This drives risk down. In a world where compliance teams must adhere to even more regulations, which are ever more complex, the risk is increasing exponentially. It is no longer acceptable for “good” security to be manual.

That mission statement puts CCM at the heart of cybersecurity. That’s because the business can apply CCM to its cybersecurity technologies and quickly, automatically assess if they are doing what they should and how they should.

Technologically, there are choices as to how this can be achieved. The Quod Orbis platform was purpose-built for CCM in Go (sometimes called Golang). It is a powerful statically typed, compiled, high‑level programming language designed at Google. Go is syntactically similar to C and comes with memory safety, structural typing, and CSP‑style concurrency.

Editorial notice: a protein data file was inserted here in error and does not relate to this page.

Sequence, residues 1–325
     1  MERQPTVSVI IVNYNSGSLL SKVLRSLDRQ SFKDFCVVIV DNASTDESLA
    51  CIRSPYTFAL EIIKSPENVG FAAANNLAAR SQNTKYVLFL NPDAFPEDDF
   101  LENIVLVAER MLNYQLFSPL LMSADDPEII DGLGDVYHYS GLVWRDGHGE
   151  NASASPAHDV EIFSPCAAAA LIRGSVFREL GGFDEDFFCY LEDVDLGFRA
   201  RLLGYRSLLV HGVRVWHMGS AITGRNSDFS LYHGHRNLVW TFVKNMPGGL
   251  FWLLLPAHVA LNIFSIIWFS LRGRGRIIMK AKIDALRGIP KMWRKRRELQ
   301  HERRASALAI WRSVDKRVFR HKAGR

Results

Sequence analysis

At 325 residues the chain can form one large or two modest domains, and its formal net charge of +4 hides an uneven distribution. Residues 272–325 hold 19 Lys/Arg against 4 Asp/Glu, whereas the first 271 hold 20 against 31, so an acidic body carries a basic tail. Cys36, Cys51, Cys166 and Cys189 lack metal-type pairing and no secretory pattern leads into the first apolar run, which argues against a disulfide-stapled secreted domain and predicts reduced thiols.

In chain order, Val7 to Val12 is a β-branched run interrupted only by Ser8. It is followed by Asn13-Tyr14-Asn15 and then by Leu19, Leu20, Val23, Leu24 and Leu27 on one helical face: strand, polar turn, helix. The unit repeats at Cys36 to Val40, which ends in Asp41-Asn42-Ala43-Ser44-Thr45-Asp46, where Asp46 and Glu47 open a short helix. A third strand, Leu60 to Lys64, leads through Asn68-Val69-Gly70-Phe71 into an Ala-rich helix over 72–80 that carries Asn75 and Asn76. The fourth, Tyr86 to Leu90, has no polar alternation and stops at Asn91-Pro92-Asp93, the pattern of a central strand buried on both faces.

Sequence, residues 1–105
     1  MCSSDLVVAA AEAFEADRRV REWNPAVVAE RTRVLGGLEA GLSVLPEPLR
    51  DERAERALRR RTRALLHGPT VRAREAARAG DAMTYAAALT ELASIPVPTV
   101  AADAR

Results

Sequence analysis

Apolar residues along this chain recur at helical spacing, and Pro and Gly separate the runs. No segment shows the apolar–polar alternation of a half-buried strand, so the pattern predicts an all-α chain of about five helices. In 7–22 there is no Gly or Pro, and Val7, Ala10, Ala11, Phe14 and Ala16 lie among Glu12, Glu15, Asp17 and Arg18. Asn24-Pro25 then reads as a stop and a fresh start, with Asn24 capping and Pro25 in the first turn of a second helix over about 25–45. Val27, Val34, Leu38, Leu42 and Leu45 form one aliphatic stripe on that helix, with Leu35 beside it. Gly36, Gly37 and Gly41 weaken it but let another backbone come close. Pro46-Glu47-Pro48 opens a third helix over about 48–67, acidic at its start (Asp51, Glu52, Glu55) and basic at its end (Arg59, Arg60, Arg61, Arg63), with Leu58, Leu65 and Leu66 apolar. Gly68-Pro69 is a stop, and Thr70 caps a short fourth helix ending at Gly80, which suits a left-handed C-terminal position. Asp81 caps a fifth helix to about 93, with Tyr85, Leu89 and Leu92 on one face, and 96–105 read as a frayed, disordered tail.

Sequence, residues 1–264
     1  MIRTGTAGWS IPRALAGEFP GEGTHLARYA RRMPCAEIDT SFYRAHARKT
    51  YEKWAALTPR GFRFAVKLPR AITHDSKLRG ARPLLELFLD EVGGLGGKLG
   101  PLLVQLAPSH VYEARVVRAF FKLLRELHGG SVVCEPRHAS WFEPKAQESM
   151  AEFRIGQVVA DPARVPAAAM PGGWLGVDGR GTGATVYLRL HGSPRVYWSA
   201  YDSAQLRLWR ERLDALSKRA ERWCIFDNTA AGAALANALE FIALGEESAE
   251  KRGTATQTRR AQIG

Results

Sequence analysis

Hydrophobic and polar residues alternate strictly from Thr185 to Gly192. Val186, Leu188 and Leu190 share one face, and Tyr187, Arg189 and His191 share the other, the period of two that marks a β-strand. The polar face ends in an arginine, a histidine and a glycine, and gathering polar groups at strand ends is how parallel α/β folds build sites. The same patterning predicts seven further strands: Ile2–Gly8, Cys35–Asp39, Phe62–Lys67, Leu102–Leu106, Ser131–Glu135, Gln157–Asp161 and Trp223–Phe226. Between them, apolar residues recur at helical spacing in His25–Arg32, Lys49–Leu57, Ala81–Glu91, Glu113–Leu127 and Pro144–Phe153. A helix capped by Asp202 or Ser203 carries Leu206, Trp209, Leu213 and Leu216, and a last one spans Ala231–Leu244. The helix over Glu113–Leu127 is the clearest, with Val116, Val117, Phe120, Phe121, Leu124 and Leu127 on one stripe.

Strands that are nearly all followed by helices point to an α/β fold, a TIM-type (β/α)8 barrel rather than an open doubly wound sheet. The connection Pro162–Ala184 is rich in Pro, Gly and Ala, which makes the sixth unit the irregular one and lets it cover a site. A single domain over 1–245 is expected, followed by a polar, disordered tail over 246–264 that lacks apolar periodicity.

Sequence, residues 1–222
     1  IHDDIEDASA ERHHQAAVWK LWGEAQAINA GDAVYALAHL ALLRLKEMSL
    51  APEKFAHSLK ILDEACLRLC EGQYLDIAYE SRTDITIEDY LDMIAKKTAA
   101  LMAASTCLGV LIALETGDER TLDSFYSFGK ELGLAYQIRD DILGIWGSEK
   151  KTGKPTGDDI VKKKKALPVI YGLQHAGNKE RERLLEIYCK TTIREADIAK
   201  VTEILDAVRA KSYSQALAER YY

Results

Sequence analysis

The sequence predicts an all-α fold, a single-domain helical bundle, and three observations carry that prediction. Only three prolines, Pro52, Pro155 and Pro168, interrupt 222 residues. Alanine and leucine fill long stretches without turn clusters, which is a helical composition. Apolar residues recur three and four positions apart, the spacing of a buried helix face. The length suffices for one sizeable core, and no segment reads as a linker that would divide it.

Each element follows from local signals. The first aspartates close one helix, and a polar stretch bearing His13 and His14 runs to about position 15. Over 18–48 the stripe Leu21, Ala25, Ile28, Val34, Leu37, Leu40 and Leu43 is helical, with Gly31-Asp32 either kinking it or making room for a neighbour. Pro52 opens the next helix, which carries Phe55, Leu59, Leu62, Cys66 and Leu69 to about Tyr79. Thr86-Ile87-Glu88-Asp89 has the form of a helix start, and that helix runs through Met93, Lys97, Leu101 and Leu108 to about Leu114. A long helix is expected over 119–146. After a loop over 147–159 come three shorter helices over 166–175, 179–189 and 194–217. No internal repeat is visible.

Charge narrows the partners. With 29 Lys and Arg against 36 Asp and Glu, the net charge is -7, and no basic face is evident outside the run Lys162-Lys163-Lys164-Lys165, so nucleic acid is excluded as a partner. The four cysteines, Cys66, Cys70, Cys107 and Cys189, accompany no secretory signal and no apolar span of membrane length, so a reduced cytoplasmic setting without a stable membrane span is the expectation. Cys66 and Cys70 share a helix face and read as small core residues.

The result is low-code/ no-code ease and simplicity, with data connections specified by dragging and dropping blocks on a screen. Those blocks can be anything that can be defined in the language of metrics or controls—key performance indicators, key risk indicators, or data sources specified by frameworks such as NIST, ISO, or PCI.

The ‘universal language’ of metrics means it is possible to develop a universal connection – regardless of what actually does the measuring.

It creates extremely rapid onboarding between any source, framework, and platform.

Businesses should be able to consume this “as a service”

Commercially, all this needs to be delivered and consumed as a service. Businesses should not have to invest in these capabilities themselves. Finding someone with the necessary skill set to understand how your business functions against a dynamic landscape of regulations and threats, will be long and expensive.

Business leaders just need to pull the reports, know that the security-related information that they’re seeing is accurate, and use this up-to-date data for higher-value tasks. It is built on the confidence that their controls ensure compliance, even as regulations and frameworks evolve. These leaders want proactive eyes on developing threats or changes, backed by experience, so “as a service” makes commercial sense.